A Friend Told Her Man My Private Info!

Ask Demetria: You may feel violated, but there's one thing you can do to keep your secrets safe.

Blend Images/Thinkstock
Blend Images/Thinkstock

(The Root) —

“I’m torn, lost and confused. I was with my best friend-cousin recently, and she began arguing with her boyfriend, who I was just meeting. He was punking her, so I stood up for her. He replied with information that I have only shared with my cousin. I was at a loss for words, appalled, felt violated and humiliated. I just left without saying anything — I was too heated. I feel like this is grounds to terminate our friendship because I can no longer trust her. Am I wrong? And should I have a conversation with her?” –Y.P.

I’m sorry to hear that you feel violated by what you consider to be a breach of trust in your friendship. It’s not an uncommon feeling when you discover that someone has shared information that you intended to be private.

However, you’re going to have to take some of the blame for your business being in the street. As much as we all like to think there are people we can trust with our secrets, everyone talks to someone. And it’s more common than not for people in relationships to engage in pillow talk about whatever’s going on in their life and others’ lives, too, with their significant others or spouses. To pretend otherwise is to be willfully naive.

You may not like that it happens. You might think it’s inappropriate. But no matter how you feel about it, it’s what is often done, and it’s not likely to stop. Your friend’s partner knowing your business comes with the territory of you telling it.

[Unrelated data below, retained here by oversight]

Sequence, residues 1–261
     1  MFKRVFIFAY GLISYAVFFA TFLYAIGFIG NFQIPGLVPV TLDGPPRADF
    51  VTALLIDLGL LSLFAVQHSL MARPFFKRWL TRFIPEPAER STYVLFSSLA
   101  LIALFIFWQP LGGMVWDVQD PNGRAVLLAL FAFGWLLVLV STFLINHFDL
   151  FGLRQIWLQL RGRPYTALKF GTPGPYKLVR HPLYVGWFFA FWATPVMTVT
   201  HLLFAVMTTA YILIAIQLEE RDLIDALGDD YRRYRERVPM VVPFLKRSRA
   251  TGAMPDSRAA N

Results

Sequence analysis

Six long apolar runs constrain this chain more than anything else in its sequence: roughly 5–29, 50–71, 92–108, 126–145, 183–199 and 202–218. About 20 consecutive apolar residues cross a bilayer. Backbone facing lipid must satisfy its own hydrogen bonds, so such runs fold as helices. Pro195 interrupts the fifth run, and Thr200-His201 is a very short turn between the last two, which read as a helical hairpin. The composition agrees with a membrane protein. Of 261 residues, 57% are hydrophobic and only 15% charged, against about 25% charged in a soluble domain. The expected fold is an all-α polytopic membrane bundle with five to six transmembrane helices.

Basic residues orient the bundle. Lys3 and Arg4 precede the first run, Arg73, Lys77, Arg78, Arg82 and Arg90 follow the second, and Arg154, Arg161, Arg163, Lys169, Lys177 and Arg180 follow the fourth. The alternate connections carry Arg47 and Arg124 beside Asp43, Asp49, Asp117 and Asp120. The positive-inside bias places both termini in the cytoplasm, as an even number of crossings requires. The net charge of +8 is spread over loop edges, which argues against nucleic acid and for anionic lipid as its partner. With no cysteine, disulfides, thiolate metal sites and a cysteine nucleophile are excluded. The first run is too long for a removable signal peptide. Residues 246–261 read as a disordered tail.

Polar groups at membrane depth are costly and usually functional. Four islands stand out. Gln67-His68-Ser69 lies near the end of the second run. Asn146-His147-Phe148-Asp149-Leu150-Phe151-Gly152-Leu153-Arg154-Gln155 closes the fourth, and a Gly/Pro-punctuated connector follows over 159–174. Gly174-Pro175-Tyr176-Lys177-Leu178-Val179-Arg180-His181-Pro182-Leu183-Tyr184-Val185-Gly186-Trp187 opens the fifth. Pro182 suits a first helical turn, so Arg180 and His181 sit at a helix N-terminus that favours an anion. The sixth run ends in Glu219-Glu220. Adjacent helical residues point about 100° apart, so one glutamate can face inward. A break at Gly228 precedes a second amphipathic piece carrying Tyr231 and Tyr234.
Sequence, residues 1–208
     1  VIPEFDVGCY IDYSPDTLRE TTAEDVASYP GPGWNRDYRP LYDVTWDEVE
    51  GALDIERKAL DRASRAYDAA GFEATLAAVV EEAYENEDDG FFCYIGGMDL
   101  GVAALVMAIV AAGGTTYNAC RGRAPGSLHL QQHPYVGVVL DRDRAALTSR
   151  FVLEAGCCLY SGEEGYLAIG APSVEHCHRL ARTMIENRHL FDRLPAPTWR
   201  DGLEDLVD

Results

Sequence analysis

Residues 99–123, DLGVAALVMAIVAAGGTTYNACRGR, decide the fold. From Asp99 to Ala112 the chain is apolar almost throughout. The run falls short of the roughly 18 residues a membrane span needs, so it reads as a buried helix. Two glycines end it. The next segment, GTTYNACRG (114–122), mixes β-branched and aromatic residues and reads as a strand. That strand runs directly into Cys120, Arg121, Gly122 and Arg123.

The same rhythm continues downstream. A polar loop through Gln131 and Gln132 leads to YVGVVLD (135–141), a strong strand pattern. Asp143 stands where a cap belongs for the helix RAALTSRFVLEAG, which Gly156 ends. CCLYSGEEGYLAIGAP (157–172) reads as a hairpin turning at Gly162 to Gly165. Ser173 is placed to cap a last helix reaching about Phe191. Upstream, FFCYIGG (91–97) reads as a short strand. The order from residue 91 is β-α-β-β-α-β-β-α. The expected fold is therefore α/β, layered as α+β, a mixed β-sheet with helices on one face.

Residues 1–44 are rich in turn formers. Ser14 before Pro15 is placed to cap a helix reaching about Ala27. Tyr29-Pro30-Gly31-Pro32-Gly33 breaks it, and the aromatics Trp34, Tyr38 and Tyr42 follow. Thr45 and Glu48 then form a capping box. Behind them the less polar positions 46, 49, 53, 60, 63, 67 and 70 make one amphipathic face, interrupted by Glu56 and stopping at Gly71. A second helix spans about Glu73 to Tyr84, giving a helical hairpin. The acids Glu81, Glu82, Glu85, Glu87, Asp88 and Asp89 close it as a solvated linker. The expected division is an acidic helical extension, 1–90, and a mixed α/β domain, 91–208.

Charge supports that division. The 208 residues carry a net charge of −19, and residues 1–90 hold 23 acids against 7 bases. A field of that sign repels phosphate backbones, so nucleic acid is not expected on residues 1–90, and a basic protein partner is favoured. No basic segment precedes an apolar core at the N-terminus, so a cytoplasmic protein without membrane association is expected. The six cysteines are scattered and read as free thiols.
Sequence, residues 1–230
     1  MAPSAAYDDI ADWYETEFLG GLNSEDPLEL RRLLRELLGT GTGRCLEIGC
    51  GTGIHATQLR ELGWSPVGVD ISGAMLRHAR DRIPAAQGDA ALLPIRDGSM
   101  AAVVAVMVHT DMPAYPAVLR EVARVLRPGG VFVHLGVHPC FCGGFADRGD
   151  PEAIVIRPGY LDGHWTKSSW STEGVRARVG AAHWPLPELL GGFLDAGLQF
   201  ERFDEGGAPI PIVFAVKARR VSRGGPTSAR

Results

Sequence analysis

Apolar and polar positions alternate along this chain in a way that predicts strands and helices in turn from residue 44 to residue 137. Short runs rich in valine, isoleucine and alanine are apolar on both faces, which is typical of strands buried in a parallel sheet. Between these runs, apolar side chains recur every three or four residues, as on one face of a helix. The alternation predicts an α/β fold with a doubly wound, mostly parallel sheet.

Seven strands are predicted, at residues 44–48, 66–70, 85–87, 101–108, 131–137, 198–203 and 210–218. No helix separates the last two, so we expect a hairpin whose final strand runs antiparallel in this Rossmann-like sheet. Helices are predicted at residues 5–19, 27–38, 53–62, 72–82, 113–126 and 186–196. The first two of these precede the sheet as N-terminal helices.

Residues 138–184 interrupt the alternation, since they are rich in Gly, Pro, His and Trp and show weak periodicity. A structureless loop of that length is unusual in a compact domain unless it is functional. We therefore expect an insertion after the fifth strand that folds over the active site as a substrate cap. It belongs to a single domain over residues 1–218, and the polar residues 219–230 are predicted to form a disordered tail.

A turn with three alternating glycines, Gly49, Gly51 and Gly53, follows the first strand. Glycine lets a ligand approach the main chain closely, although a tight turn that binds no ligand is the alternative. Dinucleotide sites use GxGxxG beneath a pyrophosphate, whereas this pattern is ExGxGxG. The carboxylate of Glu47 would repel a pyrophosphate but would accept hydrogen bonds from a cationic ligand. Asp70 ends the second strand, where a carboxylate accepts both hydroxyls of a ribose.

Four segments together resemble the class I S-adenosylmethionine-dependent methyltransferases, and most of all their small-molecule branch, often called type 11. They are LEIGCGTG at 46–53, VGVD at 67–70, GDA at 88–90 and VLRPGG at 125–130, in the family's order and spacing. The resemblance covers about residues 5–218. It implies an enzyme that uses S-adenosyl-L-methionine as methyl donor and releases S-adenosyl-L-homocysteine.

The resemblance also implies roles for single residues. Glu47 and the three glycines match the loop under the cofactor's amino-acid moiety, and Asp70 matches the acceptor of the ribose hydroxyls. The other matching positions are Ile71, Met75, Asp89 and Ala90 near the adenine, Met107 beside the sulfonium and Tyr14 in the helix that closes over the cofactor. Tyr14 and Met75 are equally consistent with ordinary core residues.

Anytime you spill tea, you run the risk of other people knowing what you’re up to. I assure you that anything you’ve told a friend before, her partner probably knew about it, too. He just wasn’t bold enough to share that information with you and violate the unspoken trust and vow of silence in his relationship. But he knew.

If you want to keep your personal life private, the only way to assure that is for you not to spill your tea to begin with. Keep your business to yourself — or enlist the confidence of a professional coach or therapist who is bound to secrecy (on most matters) by law. That way you won’t have to worry about people talking about your business behind your back or, perhaps worse, throwing it in your face unexpectedly.

As for your friend, it’s not really much of a friendship if your knee-jerk reaction to being angry is just to do away with it altogether. Hopefully, that’s the heat of anger talking, and you’ve calmed down since then.